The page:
So we've learned something in the last two weeks about Rudy. And what have we learned of the three men aforementioned? Easiest case first. Of Mike Bloomberg, we learned, much as we had been learning, that there's nothing there. Bloomberg was the first to agree to Giuliani's extortionate "deal," undoubtedly because he has been yelping like a puppy for the mayor's endorsement. He did what it made sense for him to do, but if term limits are repealed, he will learn the hard way Rudy Giuliani's definition of friendship. If Rudy is in the race, virtually all Bloomberg voters, who were for him because he was ersatz Rudy, will go back to the real article. His $20 million will have bought him 2 percent of the vote.
In Mark Green's case, it gets a little more complicated. Green was in a unique box, easily the most difficult position of the three. If he had said no, Giuliani would have hammered him until the October 11 runoff. Green had just received the scare of his life, finishing second to Ferrer in the primary; he knew that to win that runoff, he would need a higher and more enthusiastic turnout from white voters, and he knew also that these were exactly the voters Giuliani had the power to keep away from the polls with a choice word here or there. I have little doubt that Green wanted to say no on principle, but he chose to make a tactical decision instead. I don't mean this as derogatorily as it sounds -- there are times in politics when tactics grant victory and principle leads to defeat, however noble that defeat may be.
Which brings us to Ferrer. I confess that I consistently underestimated his campaign. I knew it was well run, but I didn't see the groundswell. I had trouble assimilating his journey, in four short years, from being New York's Zell Miller (pro death penalty and fingerprinting of welfare recipients) to being its Maxine Waters. And while I never found the "two New Yorks" mantra explicitly divisive, I objected to a campaign that basically ignored an entire voting bloc (Jews). His strategy was about taking the easiest path -- against three white guys, line up the minority vote, make the runoff, and hope for the best.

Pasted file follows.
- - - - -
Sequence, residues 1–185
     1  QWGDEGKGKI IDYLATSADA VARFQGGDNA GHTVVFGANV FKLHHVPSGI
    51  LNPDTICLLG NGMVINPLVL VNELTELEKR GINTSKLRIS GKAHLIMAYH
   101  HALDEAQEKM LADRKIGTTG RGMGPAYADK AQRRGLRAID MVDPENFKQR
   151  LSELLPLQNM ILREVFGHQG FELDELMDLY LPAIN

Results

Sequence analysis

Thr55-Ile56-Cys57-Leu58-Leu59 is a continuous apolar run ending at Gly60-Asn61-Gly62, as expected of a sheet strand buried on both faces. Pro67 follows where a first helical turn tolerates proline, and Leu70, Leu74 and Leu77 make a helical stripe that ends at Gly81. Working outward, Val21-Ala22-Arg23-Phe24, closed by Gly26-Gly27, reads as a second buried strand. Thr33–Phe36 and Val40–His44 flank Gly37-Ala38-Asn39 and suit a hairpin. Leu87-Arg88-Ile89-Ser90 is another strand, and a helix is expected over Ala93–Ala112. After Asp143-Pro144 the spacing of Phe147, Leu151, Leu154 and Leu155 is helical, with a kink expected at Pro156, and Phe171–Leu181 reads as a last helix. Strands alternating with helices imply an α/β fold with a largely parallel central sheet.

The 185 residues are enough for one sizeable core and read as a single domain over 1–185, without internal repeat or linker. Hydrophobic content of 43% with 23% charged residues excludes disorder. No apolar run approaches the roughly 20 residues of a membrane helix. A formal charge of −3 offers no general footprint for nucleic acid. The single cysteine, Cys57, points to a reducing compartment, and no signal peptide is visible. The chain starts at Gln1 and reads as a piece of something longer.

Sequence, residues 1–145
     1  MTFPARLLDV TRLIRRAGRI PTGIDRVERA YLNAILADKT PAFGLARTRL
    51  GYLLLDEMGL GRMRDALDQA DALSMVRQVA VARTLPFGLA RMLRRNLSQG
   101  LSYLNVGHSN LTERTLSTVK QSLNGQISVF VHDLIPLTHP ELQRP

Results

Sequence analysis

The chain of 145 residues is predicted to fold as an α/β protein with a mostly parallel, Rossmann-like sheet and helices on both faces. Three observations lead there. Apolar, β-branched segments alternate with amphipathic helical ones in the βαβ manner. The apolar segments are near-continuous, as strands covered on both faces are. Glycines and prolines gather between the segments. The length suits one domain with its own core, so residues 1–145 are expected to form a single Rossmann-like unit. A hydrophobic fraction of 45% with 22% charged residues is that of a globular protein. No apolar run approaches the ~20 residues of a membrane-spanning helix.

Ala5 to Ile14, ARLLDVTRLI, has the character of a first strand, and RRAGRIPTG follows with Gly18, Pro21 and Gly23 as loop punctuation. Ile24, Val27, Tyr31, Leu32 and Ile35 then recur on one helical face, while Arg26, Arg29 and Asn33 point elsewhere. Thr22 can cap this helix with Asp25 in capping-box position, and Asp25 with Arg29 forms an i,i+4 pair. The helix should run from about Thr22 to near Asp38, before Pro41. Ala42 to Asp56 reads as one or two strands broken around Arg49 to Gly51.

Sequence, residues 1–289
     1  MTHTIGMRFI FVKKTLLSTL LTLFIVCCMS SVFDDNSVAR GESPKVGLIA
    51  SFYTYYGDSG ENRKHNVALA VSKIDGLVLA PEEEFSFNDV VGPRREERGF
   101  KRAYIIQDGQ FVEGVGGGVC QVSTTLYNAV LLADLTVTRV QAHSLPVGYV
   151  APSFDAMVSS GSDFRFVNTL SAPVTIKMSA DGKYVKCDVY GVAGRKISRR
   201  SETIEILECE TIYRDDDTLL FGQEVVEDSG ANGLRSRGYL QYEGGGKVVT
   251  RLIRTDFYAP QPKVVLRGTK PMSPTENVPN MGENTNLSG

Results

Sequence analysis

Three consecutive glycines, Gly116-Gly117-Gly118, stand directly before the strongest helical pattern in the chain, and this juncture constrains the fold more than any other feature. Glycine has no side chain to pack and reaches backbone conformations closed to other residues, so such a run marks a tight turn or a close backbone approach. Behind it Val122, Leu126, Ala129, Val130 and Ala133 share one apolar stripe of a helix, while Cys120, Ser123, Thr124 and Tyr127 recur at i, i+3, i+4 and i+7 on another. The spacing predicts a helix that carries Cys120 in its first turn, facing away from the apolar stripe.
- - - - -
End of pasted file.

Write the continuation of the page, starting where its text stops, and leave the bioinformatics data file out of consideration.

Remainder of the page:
Well, saying no to Rudy certainly wasn't taking the easiest path. In a very, shall we say, challenging context, he stood up and said this emperor has no clothes. There isn't much doubt that we can call that principled. We can also call it a huge roll of the dice. Is he thinking, first of all, that his nyet will energize his base more than the white voters, who may now come out in larger numbers to stop him in the runoff? Is he betting that the votes don't exist in the State Legislature for term-limits repeal? Or is he gambling that, even if they are repealed and Rudy runs on the Conservative Party line, he can actually beat him? Ferrer might think that, but not many others do, and it would be ironic indeed -- or, to his voters, something worse than ironic, I suspect -- if his principled stand ended up putting Giuliani back on the ballot and giving the city Rudy for another four years instead of an extra three months.
That could well happen. But if it does, we should remember that it wasn't Ferrer who politicized the issue in the first place. That responsibility rests squarely with the man who should be reading about Washington, not Churchill.